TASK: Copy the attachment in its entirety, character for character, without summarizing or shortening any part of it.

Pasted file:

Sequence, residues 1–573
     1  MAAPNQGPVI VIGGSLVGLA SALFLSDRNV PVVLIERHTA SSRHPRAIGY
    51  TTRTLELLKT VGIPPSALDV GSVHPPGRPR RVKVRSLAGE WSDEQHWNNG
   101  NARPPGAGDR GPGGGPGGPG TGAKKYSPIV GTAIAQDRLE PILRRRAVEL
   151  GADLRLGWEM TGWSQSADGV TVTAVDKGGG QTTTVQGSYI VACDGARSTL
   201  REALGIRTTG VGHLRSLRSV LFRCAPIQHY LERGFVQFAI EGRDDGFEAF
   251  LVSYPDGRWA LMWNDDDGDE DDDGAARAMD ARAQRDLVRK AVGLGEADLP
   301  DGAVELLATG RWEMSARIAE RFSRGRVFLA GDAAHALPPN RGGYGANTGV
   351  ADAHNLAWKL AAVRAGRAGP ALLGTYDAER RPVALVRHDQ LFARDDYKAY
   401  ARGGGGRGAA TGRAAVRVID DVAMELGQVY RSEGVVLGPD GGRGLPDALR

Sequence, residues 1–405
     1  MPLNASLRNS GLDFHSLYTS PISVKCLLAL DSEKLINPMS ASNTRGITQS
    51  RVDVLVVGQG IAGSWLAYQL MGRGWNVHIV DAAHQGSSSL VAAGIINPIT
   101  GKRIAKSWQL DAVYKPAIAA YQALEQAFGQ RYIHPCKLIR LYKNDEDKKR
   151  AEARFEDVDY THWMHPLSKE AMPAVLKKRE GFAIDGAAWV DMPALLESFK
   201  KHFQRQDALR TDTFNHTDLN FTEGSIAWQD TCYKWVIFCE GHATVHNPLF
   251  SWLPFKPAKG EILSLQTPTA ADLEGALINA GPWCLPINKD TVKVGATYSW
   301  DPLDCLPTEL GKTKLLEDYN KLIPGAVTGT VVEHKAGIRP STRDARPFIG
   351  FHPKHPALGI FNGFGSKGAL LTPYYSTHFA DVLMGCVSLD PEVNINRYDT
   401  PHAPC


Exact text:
Sequence, residues 1–573
     1  MAAPNQGPVI VIGGSLVGLA SALFLSDRNV PVVLIERHTA SSRHPRAIGY
    51  TTRTLELLKT VGIPPSALDV GSVHPPGRPR RVKVRSLAGE WSDEQHWNNG
   101  NARPPGAGDR GPGGGPGGPG TGAKKYSPIV GTAIAQDRLE PILRRRAVEL
   151  GADLRLGWEM TGWSQSADGV TVTAVDKGGG QTTTVQGSYI VACDGARSTL
   201  REALGIRTTG VGHLRSLRSV LFRCAPIQHY LERGFVQFAI EGRDDGFEAF
   251  LVSYPDGRWA LMWNDDDGDE DDDGAARAMD ARAQRDLVRK AVGLGEADLP
   301  DGAVELLATG RWEMSARIAE RFSRGRVFLA GDAAHALPPN RGGYGANTGV
   351  ADAHNLAWKL AAVRAGRAGP ALLGTYDAER RPVALVRHDQ LFARDDYKAY
   401  ARGGGGRGAA TGRAAVRVID DVAMELGQVY RSEGVVLGPD GGRGLPDALR

Sequence, residues 1–405
     1  MPLNASLRNS GLDFHSLYTS PISVKCLLAL DSEKLINPMS ASNTRGITQS
    51  RVDVLVVGQG IAGSWLAYQL MGRGWNVHIV DAAHQGSSSL VAAGIINPIT
   101  GKRIAKSWQL DAVYKPAIAA YQALEQAFGQ RYIHPCKLIR LYKNDEDKKR
   151  AEARFEDVDY THWMHPLSKE AMPAVLKKRE GFAIDGAAWV DMPALLESFK
   201  KHFQRQDALR TDTFNHTDLN FTEGSIAWQD TCYKWVIFCE GHATVHNPLF
   251  SWLPFKPAKG EILSLQTPTA ADLEGALINA GPWCLPINKD TVKVGATYSW
   301  DPLDCLPTEL GKTKLLEDYN KLIPGAVTGT VVEHKAGIRP STRDARPFIG
   351  FHPKHPALGI FNGFGSKGAL LTPYYSTHFA DVLMGCVSLD PEVNINRYDT
   401  PHAPC